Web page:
JAIC 1992, Volume 31, Number 1, Article 4 (pp. 23 to 29)
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Journal of the American Institute for Conservation
JAIC 1992, Volume 31, Number 1, Article 4 (pp. 23 to 29)

COLLABORATIVE STRATEGIES FOR THE PRESERVATION OF NORTH AMERICAN INDIAN MATERIAL CULTURE

BRUCE BERNSTEIN



1 IN-HOUSE WORK

At the Museum of New Mexico we are taking a proactive stance in regard to cultural materials. One example is the compilation of inventories of sensitive objects. Museum policy requires these inventories to be completed and ready for distribution by 1995. These inventories will include religious objects, human remains, funerary objects, photographs and other depictions of sensitive materials, and documents about sensitive materials. We have completed the inventory of potentially sensitive ethnographic materials and are currently engaged in the inventory of human remains and funerary objects. These inventories represent the museum's best estimate of the sensitivity of objects and are used only as a guideline for beginning discussions with community-based groups. They demonstrate the museum's concern while providing some organization to the bewildering world of museum collections. Concerned parties can begin negotiation by responding directly to these lists, commenting specifically on them, and making additions and subtractions. Another result of our inventory procedure, based on the advice of Indian staff and advisory board members, is that access to these potentially sensitive collections is restricted to concerned parties and a few curators. This rather simple step is indicative of a respect for the culture and beliefs of our constituents.

Another example of the museum's proactive work involves storage. A National Endowment for the Humanities preservation grant will allow us to move sensitive materials from cabinets in thoroughfare storage rooms to restricted rooms away from daily museum collections work. Only sensitive materials will be stored in the small, isolated rooms which are designed to replicate the dark, isolated storage rooms found in Pueblo houses. The use of open shelving will allow the objects to “breathe” and assure that there are no barriers, such as cabinet doors, between visitors and their cultural materials. Objects will be laid flat, not stacked or nested. The Kachina doll collections will also be moved to a new location away from regular foot traffic and work areas. Although these carved wood and painted figures are not sensitive to Hopi and Zuni people—and certainly the Heard Museum in Phoenix exhibits Kachinas with the blessings of Hopi people—they are considered sacred or religious objects in the Rio Grande Pueblos. For example, when San Felipe Pueblo schoolchildren go on field trips they are accompanied by many chaperones. These adult supervisors are there not because the children may misbehave but rather to protect them from things in the outside world they should not see, such as Kachina dolls. By removing these collections from work rooms and thoroughfare areas, the museum staff will enable Indian staff members and researchers to be more comfortable in the storage rooms. Collection storage is thus driven by cultural as well as preservation concerns.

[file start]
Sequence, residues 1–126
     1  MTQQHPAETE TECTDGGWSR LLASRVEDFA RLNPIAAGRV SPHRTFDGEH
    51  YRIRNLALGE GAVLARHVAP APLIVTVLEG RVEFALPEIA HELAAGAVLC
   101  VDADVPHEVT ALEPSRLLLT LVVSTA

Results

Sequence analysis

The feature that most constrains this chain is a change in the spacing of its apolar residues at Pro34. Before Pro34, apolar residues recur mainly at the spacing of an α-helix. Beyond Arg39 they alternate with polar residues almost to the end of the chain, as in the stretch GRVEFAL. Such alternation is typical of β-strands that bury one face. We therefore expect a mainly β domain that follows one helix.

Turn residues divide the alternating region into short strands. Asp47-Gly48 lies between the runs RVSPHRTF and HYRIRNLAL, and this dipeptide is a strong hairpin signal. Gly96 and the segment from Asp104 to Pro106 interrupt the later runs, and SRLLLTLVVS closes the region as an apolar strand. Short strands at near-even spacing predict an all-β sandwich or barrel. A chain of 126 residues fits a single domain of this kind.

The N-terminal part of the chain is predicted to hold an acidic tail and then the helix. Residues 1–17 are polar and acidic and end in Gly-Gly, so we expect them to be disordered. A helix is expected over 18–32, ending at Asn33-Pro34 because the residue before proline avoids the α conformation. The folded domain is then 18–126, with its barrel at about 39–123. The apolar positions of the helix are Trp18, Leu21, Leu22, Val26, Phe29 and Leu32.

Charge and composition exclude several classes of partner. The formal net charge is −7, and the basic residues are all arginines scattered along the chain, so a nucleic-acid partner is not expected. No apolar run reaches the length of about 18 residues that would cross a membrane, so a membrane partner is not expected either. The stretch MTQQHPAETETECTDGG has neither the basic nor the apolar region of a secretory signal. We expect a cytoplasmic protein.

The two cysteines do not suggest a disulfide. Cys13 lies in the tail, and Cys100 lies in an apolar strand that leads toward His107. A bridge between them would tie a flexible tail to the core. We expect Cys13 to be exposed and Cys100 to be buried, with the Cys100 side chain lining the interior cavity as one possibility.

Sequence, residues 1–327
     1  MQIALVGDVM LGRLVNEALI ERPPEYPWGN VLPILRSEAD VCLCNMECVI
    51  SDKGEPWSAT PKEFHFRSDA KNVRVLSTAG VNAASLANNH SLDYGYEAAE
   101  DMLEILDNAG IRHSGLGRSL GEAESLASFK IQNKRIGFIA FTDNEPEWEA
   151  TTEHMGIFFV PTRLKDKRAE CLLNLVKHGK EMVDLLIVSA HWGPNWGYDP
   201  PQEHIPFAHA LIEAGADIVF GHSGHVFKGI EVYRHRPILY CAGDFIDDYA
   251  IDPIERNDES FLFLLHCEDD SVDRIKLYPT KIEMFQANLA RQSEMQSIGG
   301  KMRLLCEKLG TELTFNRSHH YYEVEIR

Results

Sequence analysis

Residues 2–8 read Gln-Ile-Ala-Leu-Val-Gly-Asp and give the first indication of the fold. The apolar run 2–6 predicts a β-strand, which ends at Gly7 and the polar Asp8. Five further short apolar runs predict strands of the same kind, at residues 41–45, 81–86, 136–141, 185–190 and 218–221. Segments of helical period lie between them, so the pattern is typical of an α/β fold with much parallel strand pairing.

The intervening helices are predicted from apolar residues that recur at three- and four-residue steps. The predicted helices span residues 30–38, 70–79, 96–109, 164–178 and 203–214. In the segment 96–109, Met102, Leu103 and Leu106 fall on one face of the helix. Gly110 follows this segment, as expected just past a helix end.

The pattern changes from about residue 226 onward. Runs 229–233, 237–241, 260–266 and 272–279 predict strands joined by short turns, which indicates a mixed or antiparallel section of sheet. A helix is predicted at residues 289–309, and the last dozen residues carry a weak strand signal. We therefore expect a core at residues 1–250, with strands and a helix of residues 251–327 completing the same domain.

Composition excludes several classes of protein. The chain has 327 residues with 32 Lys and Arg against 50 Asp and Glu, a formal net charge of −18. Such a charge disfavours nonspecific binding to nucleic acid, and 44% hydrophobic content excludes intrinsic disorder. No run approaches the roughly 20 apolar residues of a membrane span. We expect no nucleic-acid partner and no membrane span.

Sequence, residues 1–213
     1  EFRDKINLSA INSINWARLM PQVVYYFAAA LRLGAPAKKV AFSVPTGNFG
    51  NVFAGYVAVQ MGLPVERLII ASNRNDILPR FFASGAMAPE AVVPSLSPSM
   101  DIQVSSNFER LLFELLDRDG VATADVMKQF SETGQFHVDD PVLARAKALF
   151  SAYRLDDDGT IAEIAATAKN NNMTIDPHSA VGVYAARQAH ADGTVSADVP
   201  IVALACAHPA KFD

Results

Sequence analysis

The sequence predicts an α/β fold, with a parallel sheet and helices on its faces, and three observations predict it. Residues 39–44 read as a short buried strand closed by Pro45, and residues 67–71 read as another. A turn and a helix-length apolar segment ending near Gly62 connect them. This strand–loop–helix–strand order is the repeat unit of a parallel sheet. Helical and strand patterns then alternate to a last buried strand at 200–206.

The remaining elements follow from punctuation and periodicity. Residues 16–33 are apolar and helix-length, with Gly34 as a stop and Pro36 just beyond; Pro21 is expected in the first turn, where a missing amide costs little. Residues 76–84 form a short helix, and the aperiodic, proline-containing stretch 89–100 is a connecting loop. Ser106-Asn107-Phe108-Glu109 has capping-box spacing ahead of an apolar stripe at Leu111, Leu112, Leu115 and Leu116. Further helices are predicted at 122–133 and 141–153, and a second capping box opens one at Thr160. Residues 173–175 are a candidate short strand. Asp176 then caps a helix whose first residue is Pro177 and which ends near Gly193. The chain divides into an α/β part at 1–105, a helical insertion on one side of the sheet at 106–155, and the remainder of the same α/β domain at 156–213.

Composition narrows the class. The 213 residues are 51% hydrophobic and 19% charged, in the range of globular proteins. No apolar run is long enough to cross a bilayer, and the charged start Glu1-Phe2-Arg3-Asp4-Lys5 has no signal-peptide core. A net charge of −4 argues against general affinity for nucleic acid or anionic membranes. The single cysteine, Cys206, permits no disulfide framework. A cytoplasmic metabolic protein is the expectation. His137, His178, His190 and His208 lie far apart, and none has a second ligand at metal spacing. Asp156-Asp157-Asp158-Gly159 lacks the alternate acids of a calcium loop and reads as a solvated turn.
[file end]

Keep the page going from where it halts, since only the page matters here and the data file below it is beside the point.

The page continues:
As part of the Museum of New Mexico's process for identifying potentially sensitive materials, conservation treatment of sensitive objects without consultation is not permitted. Our policy specifies that “Conservation treatment shall not be performed on identified culturally sensitive materials without consulting concerned parties.” Conservation practices may be contrary to the original intended use of an object if that object was meant to deteriorate. Further, proper maintenance and repair may only be allowable if performed by initiated religious society members. Thus, it may be both insensitive and presumptuous to have a noninitiated (and therefore non-“knowing”) person work on an object; moreover, our intervention may be insensitive and potentially harmful to the object and the personnel. Obviously, at times this view can be difficult to reconcile with conservation obligations. Current sensibilities, however, place decision making power over treatment of these objects with Indian people and, in turn, place the curator and conservator in an ever-shifting role. Clearly, museum preservation concerns and goals must be articulated or possibly altered to reflect a more collaborative approach. P.L. 101–601 assumes ownership of culturally sensitive materials lies with Indian people. Therefore, although it may seem harsh, preservation (or interpretation) without consultation is cultural appropriation.

The museum is using consultation and ethical consideration to guide whether conservation of human remains, funerary objects, or sacred materials may include the application of substances. Consultants have told us that application of conservation materials such as consolidants may be considered a further desecration of human burials. We are also learning to consider other cultural viewpoints. For example, we have found that Indian people are shocked and upset that we have separated funerary objects from burials. Common museum practices have dictated that like materials are stored together, but now we need to reassess this approach.


Copyright 1992 American Institute for Conservation of Historic and Artistic Works